-Use a free weight barbell instead of a smith machine because it will result in more gains!! (3)

-Use a spotter (if not grab a stranger and make a friend)

Incline Dumbbell Press

 
 
 
 
 

I personally don’t like doing the incline barbell press and dumbbell press on the same day but I add it in every other chest day or switch them in and out in order to add variation to my workouts.

 

The incline dumbbell press adds a different twist than the incline press because you have to use different muscles to stabilize the independent dumbbells (as with all dumbbell presses).

 

This lift is another one you can go heavier on and build more muscle!

 

You can also add variations by changing which way your wrists are facing.

 

You can lift with a standard grip (I don’t know the actual name of this grip), a neutral grip, a reverse grip, twist as your going up, or even do it in outer space.

 

There’s tons of different variations and I using them all to add variation to your workout because each lift and grip uses slightly different muscles.

 

Again there are some key points that go along with this lift that are important to go over.

 

Key Points

-Make sure you have the optimal angle, otherwise it will use more of your shoulders or the main part of your chest.

-Go through a full range of motion

-Use a safe amount of weight that you can handle and won’t tear your arms off

-Use a spotter (if not grab a stranger and make a friend)

Seated Incline Chest Press

 
 
 
 

Incline chest machines are another great way to hit the upper chest.

 

They’re not a compound lift like the barbell incline bench press, but it ranks as one of my favorite machines!

 

Besides giving people a place to sit when resting (aren’t these people the worst?), the seated incline press machine is a nice way to get a good pump after the other lifts mentioned before.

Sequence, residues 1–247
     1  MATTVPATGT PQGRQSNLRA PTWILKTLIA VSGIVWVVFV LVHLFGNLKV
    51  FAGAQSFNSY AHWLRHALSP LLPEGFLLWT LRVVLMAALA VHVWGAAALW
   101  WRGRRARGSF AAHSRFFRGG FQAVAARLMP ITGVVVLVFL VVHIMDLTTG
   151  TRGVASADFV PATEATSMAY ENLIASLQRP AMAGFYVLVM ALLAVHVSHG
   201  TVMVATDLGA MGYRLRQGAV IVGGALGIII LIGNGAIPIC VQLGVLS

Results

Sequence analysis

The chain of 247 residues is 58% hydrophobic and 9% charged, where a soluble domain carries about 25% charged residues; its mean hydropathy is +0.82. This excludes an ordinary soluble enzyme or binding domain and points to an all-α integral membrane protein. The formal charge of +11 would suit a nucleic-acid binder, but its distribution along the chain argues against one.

This machine is also nice for people who have injuries that would prevent them from using the incline bench such as shoulder injuries.

Reverse Grip Bench Press

 
 
 
 

I’ve actually never heard about this lift until I started researching the best lifts for the upper chest. I’m definitely going to try this next time I’m hitting chest.

 

This exercise is done exactly the same as a normal bench press except you flip your hands around so your palms are facing towards you rather than away.

 

Apparently this change in grip helps to target the upper chest more than a regular bench press would.

 

Here’s a video I found to by Athlean-X that explains how to do it!

 

The video is about how to bench press without pain. I don’t have pain when I bench but if you do you hit the jackpot.

(Update: I’ve since done this lift multiple times since writing this and now I love this lift!)

The Best Supplements in the Industry. Hands Down.

Incline Flyes

 
 
 

The two ways I have read and know how

to do flyes are with dumbbells and with cables.

 

If you can find another way or know of any other way leave a comment below.

 

Flyes are a great way to target your inner chest, but add an incline and BANG you’ve got yourself a workout that targets the upper chest too.

 

Some people swear that cable flyes are the way to go while others preach about dumbbells.

 
 
 

I couldn’t find any research suggesting that

one is better than the other; it really comes down to personal preference and what you like best.

 

In the end you’re working out and getting a good pump and that’s all that matters right?

 

Key points:

-Make sure you have the optimal angle, otherwise it will use more of your shoulders or the main part of your chest.

-Really squeeze at the end of the rep to get a good pump

-Keep your elbows around a 135 degree angle and keep them locked there

-Use a safe amount of weight that you can handle and won’t tear your arms off

 
 

Did you like the post? Did you not? Leave a like, comment and subscribe!

 

(Refresh and wait for page to load completely if no subscribe box is showing up)

More Posts

Mr.Workout

Mr.Workout

Hey I'm Mr.Workout! I have a passion for lifting, working out, the gym, and helping others out! Thanks for stopping by and reading my content! Let me help you on your journey. Join the GAIN TRAIN today and get post updates, free workouts, tips and tricks, and more!

Leave a Replay

Sign up for our Newsletter

Click edit button to change this text. Lorem ipsum dolor sit amet, consectetur adipiscing elit